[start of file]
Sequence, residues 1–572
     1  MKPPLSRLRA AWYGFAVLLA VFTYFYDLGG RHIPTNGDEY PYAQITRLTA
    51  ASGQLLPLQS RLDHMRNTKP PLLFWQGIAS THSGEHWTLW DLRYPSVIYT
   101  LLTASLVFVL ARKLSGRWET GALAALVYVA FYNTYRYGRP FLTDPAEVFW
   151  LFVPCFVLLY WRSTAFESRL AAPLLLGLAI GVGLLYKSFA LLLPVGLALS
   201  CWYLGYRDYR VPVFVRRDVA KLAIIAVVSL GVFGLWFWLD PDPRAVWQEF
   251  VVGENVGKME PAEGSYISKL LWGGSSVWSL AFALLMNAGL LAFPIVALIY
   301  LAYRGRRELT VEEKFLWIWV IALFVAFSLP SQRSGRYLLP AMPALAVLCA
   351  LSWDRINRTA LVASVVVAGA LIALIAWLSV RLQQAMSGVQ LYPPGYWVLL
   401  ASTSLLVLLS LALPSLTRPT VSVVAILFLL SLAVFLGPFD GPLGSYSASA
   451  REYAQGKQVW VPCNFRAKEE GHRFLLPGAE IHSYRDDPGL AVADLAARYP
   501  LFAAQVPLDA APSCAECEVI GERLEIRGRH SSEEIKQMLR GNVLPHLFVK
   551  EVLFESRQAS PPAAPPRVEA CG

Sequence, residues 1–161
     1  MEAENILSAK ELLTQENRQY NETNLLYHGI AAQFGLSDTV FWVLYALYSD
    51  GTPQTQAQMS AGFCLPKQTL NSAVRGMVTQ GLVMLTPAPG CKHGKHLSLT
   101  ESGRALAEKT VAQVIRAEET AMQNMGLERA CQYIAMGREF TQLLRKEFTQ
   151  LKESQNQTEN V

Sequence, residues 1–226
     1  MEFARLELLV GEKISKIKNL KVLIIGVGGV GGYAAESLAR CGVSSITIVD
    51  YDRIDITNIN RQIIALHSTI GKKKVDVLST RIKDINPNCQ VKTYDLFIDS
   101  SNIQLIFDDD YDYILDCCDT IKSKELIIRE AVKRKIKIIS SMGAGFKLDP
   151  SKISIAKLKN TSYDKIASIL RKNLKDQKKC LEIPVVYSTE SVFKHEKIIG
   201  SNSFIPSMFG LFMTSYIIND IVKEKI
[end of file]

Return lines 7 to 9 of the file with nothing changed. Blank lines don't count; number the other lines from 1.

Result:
   251  VVGENVGKME PAEGSYISKL LWGGSSVWSL AFALLMNAGL LAFPIVALIY
   301  LAYRGRRELT VEEKFLWIWV IALFVAFSLP SQRSGRYLLP AMPALAVLCA
   351  LSWDRINRTA LVASVVVAGA LIALIAWLSV RLQQAMSGVQ LYPPGYWVLL